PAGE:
Before WOODBURY, Chief Judge, and HARTIGAN and ALDRICH, Circuit Judges.
ALDRICH, Circuit Judge.
Ferber, short for two New Jersey corporations, joint venturers, was the prime contractor engaged in the construction of a housing project for a government Air Force base in Chicopee, Massachusetts. In August, 1958 Ferber entered into a subcontract with two other joint venturers, Ondrick, a citizen of Massachusetts, and Wilbraham Construction Corporation, a Massachusetts corporation, to do certain clearing, excavation, filling and drainage. It appeared that Ondrick and Wilbraham were equipped to do different parts of this work and desired separate contracts, but Ferber required a single agreement. After the work had been completed and $46,508 of the contract price remained to be paid, Wilbraham went into bankruptcy. Ferber thereupon filed a statutory interpleader (28 U.S.C. § 1335) in the Massachusetts district court against Ondrick, Wilbraham and their joint surety, and Wilbraham's trustee in bankruptcy, naming also all alleged suppliers of labor and materials on their contract as to whom it had notice of claim. The complaint further alleged that Ondrick claimed as an individual, over and above the contract amount, $19,744 for labor, materials and the use of equipment.1 Ferber paid the sum of $46,508 into court, alleged that this was the total amount due to all defendants, and prayed that the defendants be required to interplead and settle their rights between themselves and that Ferber "be discharged from all liabilities in the premises. * * *" Ondrick filed an answer in which he admitted making a claim for $19,744 "not as part of the joint venture," and by counterclaim demanded its payment. Ferber filed a motion to dismiss the counterclaim, which motion was denied. Following trial without jury the court found for Ondrick on his claim in the amount of $7,121, which it subsequently increased to $10,711. The court refused Ferber's request for an allowance for counsel fees out of the fund, a so-called interpleader fee. Ferber appeals.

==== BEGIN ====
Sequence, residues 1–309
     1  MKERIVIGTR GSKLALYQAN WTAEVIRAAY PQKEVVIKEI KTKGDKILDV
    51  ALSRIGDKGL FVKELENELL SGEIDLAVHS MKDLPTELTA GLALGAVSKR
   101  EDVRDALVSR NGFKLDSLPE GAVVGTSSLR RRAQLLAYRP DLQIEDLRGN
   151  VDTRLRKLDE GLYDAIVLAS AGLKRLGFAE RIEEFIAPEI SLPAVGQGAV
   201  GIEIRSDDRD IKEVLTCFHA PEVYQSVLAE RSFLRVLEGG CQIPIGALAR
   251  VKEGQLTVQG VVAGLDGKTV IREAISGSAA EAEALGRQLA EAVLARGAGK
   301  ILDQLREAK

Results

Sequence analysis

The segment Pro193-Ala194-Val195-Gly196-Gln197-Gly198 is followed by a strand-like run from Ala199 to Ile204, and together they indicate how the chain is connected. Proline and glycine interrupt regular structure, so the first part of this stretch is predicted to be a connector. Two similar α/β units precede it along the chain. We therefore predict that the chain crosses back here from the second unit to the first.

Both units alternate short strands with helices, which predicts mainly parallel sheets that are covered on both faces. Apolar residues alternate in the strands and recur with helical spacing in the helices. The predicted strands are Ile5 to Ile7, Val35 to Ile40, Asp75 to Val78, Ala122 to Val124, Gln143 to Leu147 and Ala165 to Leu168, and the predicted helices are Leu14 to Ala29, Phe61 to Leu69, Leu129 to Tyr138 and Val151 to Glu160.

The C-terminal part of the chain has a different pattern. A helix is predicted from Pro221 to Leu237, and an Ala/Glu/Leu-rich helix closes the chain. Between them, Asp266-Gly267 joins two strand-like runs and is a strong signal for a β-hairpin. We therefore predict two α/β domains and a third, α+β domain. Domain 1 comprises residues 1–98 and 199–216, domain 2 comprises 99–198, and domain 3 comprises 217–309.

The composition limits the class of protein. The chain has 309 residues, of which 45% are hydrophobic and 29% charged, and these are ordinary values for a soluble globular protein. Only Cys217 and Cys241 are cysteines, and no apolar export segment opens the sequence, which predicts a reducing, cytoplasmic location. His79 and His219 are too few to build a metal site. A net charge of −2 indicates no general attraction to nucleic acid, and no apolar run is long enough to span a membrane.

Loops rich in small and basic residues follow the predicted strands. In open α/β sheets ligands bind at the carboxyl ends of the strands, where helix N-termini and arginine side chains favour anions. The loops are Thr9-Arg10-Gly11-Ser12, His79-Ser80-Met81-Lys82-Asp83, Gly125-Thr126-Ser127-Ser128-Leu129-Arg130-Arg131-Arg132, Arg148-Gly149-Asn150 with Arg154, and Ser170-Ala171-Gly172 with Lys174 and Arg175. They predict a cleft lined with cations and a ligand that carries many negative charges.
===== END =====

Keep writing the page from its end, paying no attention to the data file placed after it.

The first question is the correctness of the court's refusal to dismiss the counterclaim on the ground that the parties had provided in the subcontract for arbitration. Assuming that Ondrick's claim fell within the contract as extra work and was therefore arbitrable, we nevertheless think it clear that Ferber waived this right. Ferber could have brought a bill of strict interpleader solely with relation to the undisputed amount. But having elected, in addition, to raise a disputed claim, see F.R.Civ.P. Rule 22; Standard Surety & Casualty Co. v. Baker, 8 Cir., 1939, 105 F.2d 578, it must take the consequences. It could not ask the court to declare that it owed only so much to Ondrick, and that the court should discharge it from his claim for extra work, and then, when Ondrick resisted such a declaration, demand that Ondrick arbitrate.